This time of year there is many messages that remind us of how grateful we are to have what we have....no matter how small or seemingly insignificant. I know as I look back on this year, I often wished that certain things turned out much different than what it did, but upon further reflection, I am grateful for everything that DID turn out good...and even the unexpected blessings of those things that did not.
The one thing I can say despite all the things that I considered going "right" or "wrong", I am grateful for my creativity. Instead of taking it for granted, I continued my creative practice, and by doing so, I found that it led to me experimenting and trying a variety of differnt mediums, some I would have not ever considered trying. But most of all, by continuing my creative practice, it served as a self-care tool for me to express myself about things I experienced difficulty expressing verbally or in writing. This was the biggest blessing for me for this year.
As you reflect on this year, what are you most grateful for in 2018? If you are having some difficulty thinking of what to be grateful for, I encourage you to find some inspiration from the written word. When I read positive affirmations or quotes, that helps prompt me to create new things or think about my situation differently.
A few years ago, my friend and colleague, Gretchen Miller, MA, ATR-BC, ACTP who is a Cleveland area Registered Board Certified Art Therapist shared 20 creative quotes that that she offered as a "creative counteraction to fear, judgement, and shame during times of distress, suffering, and sorrow." I found these creative quotes as way of grounding me regarding my feelings of gratefulness and I thought I would share them with you.
And I will ask, as Gretchen did, what creative quotes or practices help ground you in gratefulness and generosity, especially in regard to your creative gifts?
Happy Holidays to You and Yours....best wishes for a Creative and prosperous New Year!
Tis the season of giving back!
There is nothing like the Holiday Season to feel the need to share your gratitude by helping others. Commericals on television sell us on the notion of so many who need help and social media infuses "ads" encouraging giving to a variety of causes.
As artists and creatives, there are benefits of giving our gifts and talents, whether it is during the holidays or throughout the year. But especially in November and December, many nonprofit organizations are need of help, especially for critical services that during the winter months become more urgent, as well as the end of year fundraising push that help them meet their expenses for the year.
Outside of selling your own creative offerings as part of the holiday marketing frenzy at bazaars and craft fairs, this is also a good time to focus on giving back as well. Volunteering is a great activity for creative freelancers who are in between projects for clients and may have more flexibility regarding time commitment. Why not spend a few hours of your day during the week and help out a clothing drive, homeless shelter or a senior center with your time and talents? By interacting and helping with others, you may find that your brain will come up with creative ideas to major projects that you have on the backburner or meet some people who are interested in your creative gifts for their projects.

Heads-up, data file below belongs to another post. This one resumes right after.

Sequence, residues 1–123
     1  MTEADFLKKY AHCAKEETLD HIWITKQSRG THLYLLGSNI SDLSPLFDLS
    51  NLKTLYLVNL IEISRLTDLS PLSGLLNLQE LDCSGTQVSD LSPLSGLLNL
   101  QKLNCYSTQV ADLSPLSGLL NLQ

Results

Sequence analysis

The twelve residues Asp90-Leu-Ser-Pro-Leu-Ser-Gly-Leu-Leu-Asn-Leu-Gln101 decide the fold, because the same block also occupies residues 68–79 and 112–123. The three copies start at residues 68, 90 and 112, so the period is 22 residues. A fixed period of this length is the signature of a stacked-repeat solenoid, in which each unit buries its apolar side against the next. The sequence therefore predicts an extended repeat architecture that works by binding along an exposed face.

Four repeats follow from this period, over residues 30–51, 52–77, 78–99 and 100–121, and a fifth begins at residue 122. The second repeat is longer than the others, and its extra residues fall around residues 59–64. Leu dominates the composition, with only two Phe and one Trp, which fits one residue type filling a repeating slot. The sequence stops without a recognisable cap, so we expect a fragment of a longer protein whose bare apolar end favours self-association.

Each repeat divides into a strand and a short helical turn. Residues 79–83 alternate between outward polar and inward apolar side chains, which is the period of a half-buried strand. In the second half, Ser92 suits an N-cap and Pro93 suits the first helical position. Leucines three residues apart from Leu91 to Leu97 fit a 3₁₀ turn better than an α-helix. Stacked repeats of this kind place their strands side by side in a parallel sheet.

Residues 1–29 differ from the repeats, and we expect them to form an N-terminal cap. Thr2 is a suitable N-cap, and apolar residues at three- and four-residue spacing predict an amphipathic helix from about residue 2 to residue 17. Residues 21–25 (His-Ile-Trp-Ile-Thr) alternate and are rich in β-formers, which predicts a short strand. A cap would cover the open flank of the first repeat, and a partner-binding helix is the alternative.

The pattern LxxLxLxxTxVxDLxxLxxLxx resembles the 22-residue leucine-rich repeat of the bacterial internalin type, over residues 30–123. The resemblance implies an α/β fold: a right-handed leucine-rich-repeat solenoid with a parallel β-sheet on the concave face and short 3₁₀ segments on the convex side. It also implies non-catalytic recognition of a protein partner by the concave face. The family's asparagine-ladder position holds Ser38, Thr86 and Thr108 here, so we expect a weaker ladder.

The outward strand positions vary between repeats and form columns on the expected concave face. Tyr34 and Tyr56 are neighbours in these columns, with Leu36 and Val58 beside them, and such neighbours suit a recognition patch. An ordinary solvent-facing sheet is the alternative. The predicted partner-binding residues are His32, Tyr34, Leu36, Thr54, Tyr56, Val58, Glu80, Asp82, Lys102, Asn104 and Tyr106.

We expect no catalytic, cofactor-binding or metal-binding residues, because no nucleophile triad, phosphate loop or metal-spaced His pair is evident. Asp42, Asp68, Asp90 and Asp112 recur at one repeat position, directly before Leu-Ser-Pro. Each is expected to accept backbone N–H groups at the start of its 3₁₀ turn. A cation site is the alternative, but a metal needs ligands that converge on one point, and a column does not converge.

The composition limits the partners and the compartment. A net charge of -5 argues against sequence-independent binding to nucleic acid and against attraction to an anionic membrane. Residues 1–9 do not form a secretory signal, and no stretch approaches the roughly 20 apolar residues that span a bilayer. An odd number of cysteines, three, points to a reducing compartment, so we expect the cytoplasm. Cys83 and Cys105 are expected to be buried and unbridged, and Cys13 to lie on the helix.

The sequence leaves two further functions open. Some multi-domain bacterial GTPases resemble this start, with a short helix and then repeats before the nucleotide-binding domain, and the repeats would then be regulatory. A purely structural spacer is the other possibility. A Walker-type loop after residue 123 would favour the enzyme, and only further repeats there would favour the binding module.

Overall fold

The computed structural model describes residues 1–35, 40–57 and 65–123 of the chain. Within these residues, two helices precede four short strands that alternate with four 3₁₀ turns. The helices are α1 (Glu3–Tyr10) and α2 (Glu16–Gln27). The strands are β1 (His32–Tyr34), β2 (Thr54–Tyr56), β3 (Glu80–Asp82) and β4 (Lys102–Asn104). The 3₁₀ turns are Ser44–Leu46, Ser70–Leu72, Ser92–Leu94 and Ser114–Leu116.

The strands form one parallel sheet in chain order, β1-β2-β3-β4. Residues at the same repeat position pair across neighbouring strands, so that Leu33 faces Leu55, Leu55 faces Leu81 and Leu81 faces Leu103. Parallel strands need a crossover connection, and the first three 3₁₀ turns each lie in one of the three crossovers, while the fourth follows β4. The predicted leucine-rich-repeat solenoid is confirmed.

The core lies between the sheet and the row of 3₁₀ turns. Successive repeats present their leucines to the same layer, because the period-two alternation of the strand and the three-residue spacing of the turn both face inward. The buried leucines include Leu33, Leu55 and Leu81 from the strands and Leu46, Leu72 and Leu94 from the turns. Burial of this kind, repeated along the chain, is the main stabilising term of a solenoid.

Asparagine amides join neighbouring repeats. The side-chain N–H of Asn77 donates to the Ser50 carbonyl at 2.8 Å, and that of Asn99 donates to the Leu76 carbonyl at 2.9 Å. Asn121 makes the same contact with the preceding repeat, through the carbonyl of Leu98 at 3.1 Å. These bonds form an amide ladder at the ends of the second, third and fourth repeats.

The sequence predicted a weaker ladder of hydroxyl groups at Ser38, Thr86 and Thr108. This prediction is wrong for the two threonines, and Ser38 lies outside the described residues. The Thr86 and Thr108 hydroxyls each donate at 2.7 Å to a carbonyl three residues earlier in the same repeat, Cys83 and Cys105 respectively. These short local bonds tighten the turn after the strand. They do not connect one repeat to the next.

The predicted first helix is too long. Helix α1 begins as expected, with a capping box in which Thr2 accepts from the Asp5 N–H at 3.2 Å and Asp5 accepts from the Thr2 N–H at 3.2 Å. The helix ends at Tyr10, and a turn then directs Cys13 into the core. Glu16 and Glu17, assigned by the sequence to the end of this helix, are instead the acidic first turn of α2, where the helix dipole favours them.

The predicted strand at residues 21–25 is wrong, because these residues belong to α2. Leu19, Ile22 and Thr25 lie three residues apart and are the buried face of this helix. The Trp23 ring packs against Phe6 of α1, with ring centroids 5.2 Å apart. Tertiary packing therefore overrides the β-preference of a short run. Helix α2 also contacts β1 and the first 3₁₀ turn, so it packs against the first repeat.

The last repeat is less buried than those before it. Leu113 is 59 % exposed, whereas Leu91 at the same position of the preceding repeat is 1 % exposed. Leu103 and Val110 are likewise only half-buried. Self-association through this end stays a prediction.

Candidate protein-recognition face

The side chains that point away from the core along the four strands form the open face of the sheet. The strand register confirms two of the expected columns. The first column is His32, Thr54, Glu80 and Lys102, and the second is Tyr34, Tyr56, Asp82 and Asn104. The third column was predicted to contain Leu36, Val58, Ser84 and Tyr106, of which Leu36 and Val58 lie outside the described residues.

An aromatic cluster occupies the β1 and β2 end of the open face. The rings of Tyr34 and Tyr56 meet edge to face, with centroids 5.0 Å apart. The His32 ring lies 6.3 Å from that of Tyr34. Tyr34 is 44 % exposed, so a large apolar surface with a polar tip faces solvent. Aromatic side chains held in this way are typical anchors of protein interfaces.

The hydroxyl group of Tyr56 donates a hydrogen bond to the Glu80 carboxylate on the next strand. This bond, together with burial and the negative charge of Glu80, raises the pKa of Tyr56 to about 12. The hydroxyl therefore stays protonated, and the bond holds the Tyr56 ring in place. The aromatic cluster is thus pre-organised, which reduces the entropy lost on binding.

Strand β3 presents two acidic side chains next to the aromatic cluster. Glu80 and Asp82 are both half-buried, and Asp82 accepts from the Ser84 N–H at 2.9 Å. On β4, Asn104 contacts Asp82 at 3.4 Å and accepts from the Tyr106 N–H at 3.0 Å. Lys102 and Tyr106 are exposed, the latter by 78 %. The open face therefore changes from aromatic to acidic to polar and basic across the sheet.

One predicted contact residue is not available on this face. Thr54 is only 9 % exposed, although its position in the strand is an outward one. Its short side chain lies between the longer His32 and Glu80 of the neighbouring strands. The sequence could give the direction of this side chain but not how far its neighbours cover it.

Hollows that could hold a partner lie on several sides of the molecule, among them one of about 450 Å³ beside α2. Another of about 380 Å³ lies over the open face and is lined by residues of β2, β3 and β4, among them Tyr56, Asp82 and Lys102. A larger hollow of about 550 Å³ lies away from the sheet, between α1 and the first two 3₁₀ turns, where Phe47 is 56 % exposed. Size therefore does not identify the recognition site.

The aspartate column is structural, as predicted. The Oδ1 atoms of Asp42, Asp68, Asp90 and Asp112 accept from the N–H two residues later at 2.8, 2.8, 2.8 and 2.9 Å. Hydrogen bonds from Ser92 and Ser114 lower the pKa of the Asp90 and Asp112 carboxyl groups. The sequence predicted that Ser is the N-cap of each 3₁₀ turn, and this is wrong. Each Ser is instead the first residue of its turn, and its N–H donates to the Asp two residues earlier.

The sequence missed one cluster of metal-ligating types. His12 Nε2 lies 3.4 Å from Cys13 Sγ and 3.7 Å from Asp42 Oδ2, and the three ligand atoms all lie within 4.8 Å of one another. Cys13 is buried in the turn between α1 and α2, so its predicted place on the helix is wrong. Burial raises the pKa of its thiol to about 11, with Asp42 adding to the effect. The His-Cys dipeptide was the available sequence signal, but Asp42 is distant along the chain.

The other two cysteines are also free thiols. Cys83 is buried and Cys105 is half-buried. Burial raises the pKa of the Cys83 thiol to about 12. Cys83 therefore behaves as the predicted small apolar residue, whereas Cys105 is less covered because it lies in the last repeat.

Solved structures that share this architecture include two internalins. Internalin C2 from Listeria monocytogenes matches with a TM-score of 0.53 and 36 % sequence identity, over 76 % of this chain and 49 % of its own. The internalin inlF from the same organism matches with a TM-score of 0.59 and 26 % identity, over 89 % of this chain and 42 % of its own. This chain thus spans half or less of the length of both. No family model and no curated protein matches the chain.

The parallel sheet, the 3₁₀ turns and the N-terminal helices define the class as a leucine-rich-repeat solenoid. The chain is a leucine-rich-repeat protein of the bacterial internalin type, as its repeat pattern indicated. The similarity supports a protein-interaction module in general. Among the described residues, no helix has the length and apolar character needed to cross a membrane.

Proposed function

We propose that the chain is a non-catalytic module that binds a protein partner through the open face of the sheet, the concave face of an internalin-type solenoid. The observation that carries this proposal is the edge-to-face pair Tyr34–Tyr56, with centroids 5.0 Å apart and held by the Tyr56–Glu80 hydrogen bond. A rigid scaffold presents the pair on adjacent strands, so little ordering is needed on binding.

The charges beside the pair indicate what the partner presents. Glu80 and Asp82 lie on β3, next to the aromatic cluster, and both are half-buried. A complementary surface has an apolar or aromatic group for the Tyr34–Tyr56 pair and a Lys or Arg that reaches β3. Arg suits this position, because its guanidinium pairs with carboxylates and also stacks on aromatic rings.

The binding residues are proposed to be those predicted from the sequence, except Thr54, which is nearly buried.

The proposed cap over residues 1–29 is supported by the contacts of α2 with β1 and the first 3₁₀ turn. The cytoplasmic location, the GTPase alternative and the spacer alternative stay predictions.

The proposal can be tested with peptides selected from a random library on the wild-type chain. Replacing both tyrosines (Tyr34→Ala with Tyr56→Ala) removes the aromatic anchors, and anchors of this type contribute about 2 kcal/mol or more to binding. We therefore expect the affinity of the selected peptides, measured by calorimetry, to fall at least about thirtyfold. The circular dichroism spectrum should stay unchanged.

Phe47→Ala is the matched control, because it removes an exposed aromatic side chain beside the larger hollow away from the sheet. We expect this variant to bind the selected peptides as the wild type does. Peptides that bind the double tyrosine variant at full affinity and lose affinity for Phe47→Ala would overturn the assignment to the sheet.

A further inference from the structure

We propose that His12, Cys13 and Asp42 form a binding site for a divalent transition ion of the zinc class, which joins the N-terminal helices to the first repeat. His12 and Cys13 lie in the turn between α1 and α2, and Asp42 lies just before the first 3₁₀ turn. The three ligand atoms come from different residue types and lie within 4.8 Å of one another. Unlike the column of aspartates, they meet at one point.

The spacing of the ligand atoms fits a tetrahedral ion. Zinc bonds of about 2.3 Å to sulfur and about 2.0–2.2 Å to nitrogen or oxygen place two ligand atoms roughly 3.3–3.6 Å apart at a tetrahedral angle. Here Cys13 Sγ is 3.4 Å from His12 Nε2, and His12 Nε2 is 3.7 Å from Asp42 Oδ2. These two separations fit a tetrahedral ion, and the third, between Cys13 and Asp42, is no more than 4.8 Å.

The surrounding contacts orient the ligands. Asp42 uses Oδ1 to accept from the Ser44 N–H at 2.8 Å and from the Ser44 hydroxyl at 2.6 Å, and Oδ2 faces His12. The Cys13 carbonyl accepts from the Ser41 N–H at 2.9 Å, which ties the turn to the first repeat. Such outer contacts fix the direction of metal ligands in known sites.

Want to use your creative talents as a way to give back? Many nonprofits need help with everything from websites to providing gifts to their clients during this time of year. Some need holiday cards to deliver to the elderly or for children who are in the hospital and can't get home for the holidays. Other nonprofits may need to have someone lead a holiday arts and craft class to engage people to create something for their loved ones. A simple search in your area via Google, United Way, or some other nonprofit web portal can connect you to the projects that need your help the most.
Did you know that volunteering also has a few other benefits as well? Nonprofit Hub lists the following benefits of volunteering that you may want to consider:
1. Boosts self esteem.
"Volunteering helps build a strong safety net for when you’re experiencing trying times. With those strong social ties, you’re always surrounded by a community that’s willing to help you out when times get tough. When you volunteer, you become a part of someone else’s safety net, too. By helping others, you’ll build a greater sense of trust and self esteem."
2. Expands your connections.
"The relationships you can create while volunteering are endless. You connect to others through volunteering, and if you do it regularly, you can maintain those valuable social networks into the future. You can make new friends and keep the old by engaging in a common activity like volunteering. With a larger social network, you’ll have more resources at your fingertips, which leads to better physical, mental and emotional health."
3. Makes you feel good.
"If you’ve ever volunteered before, you’ve probably experienced this: volunteering makes you happy! Researchers at the London School of Economics found that people become happier by volunteering more. When you give your time to others, you attain a personal sense of accomplishment, which accounts for some of the positive effects that volunteering has on your mood. There’s a threshold to reaping the full benefits of volunteering, though. In order to soak up all the positive effects of community service, you need to set aside some time for it. Volunteers who commit at least one or two hours every week reap the fullest benefits from their service."
4. Contributes to a longer life.
"Volunteering does more than boost your mood—it also has effects on your physical well-being. Volunteers encounter greater longevity and less frequency of heart disease. Volunteers may be at a lower risk for memory loss, too. The social interaction can significantly reduce the progress of Alzheimer’s and other types of dementia. "